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  • Many of us, while teaching an introductory statistics course, have mentioned some of the history behind the methodology, perhaps just in passing. We might remark that an English chap by the name of R. A. Fisher is responsible for a great deal of the course content. We could further point out that the statistical techniques used in research today were developed within the last century, for the most part. At most, we might reveal the identity of the mysterious "Student" when introducing the t-test to our class. I propose that we do more of this. This webinar will highlight some opportunities to give brief history lessons while teaching an introductory statistics course.

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  • This 6 minute 39 second video can be used to teach the difference between correlation and causation. For example, that a relationship between X and Y might be explained by X causing Y, Y causing X, or a third factor that drives them both. The video is episode #109 (Nov 10, 2009) in the Psych Files podcast series produced and hosted by Michael A. Britt, Ph.D. at www.thepsychfiles.com. Video is free to use in the classroom or on course websites under a non-commercial ShareAlike creative commons license.

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  • This simulation allows you to roll two dice and compare empirical and probability histograms for the sum or product of the two outcomes.

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  • This applet performs the Student's t test on two sets of data, and reports the average and variance for both sets of data, the t score, degrees of freedom, and one and two tailed P values.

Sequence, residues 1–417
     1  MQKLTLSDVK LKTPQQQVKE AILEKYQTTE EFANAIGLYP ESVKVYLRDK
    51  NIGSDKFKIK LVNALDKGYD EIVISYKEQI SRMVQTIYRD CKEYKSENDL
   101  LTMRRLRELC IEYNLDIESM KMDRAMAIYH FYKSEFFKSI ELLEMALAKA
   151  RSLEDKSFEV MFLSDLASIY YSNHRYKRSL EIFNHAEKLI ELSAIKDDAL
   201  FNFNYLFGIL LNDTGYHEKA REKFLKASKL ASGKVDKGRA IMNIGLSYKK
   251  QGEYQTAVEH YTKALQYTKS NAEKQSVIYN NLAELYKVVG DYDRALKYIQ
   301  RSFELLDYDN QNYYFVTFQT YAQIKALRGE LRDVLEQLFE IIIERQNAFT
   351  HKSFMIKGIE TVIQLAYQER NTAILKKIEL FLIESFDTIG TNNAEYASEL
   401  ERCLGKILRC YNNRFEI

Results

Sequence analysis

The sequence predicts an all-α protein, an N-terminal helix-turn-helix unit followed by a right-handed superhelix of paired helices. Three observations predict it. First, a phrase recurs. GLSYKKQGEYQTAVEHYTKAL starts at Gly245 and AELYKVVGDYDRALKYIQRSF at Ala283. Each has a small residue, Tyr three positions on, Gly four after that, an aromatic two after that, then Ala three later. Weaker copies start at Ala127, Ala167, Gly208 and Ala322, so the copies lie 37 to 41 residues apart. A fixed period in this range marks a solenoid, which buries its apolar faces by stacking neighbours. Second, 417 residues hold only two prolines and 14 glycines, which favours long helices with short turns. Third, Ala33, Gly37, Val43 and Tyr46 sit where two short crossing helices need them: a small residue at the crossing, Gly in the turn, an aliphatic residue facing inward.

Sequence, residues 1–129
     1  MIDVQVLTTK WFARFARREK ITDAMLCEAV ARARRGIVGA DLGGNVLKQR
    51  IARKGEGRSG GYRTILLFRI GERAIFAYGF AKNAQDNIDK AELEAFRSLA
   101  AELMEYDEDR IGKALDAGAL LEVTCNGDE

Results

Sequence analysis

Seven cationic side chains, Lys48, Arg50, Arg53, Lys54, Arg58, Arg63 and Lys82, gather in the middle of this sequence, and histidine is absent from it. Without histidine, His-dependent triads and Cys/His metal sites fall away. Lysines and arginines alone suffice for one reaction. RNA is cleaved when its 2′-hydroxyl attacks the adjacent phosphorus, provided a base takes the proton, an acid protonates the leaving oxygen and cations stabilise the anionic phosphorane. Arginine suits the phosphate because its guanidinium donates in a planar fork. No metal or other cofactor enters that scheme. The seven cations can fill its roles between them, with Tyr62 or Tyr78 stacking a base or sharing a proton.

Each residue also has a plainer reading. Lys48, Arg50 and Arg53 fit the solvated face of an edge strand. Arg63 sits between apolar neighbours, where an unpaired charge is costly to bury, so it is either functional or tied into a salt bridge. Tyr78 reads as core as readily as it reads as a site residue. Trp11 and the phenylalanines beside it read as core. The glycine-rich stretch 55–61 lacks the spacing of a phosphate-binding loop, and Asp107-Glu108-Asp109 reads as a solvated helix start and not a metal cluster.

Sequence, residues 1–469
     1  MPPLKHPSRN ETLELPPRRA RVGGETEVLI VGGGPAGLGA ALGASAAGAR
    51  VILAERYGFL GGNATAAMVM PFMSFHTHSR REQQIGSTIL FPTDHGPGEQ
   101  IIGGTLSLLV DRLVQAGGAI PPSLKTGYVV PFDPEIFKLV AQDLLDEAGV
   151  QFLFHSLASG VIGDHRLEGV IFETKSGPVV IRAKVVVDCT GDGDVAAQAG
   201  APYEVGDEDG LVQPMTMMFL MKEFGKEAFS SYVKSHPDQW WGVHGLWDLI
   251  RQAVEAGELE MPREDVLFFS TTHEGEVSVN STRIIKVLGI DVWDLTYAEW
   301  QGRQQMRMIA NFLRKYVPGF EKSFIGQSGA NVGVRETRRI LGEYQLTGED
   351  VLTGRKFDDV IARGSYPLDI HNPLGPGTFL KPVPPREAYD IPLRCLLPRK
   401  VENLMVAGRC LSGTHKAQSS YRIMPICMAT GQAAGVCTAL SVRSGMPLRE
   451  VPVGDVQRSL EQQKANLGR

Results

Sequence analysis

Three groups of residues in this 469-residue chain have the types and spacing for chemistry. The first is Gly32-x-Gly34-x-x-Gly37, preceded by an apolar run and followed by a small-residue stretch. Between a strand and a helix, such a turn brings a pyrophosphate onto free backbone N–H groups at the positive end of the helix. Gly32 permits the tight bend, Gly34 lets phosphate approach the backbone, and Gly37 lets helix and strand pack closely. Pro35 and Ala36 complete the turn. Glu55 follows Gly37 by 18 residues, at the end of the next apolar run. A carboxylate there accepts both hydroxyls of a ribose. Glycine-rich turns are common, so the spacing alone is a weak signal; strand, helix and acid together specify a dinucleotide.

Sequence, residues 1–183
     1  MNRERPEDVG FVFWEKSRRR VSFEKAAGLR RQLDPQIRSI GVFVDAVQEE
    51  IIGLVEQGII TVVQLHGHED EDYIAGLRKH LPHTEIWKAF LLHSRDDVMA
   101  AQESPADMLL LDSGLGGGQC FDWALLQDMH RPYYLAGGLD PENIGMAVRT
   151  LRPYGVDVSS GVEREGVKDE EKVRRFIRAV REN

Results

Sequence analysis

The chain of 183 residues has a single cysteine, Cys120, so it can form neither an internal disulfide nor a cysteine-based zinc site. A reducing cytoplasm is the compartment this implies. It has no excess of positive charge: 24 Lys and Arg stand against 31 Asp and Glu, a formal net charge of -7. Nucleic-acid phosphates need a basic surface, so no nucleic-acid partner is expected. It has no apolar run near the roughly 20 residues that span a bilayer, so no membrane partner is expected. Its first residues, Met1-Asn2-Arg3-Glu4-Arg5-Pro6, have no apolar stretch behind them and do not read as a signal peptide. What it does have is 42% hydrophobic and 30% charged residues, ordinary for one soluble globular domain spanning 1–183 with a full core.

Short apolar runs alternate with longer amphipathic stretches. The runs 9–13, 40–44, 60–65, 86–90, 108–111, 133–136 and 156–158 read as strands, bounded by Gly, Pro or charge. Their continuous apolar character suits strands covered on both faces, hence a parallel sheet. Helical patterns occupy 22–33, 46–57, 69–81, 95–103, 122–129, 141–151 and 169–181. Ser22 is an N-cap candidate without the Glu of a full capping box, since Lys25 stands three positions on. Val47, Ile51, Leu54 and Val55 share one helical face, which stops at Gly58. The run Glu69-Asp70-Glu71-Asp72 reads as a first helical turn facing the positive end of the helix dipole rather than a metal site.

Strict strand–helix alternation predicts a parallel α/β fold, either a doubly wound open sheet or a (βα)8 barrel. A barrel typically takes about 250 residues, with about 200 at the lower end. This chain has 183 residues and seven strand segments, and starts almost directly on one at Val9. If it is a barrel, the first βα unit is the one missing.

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  • This java applet can be used to determine whether or not the means in two sample populations are significantly different.

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  • This page of Statistical Java describes 11 different probability distributions including the Binomial, Poisson, Negative Binomial, Geometric, T, Chi-squared, Gamma, Weibull, Log-Normal, Beta, and F. Each distribution has its own applet in which users can manipulate the parameters to see how the distribution changes. The parameters are described on the main page as well as situations that would use each distribution. The equations of the distributions are not given. To select between the different applets you can click on Statistical Theory, Probability Distributions and then the Main Page. At the bottom of this page you can make your applet selection. This page was formerly located at http://www.stat.vt.edu/~sundar/java/applets/

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  • This site contains links to and descriptions of over 600 applets that can be used for demonstrations or analysis of topics commonly covered in introductory statistics courses.

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  • This site presents 19 videos of statisticians summarizing a project that they did. Each video is accompanied by a dataset so that viewers can try to recreate the statistics in the video. Video runtimes vary from about 8 minutes to as many as 35 minutes.
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  • Video that will explain the concepts of attribute and variable data, and procedure for plotting attribute and variable quality control charts & reading different chart patterns.
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  • Video that explains more about control chart in statistical quality control.
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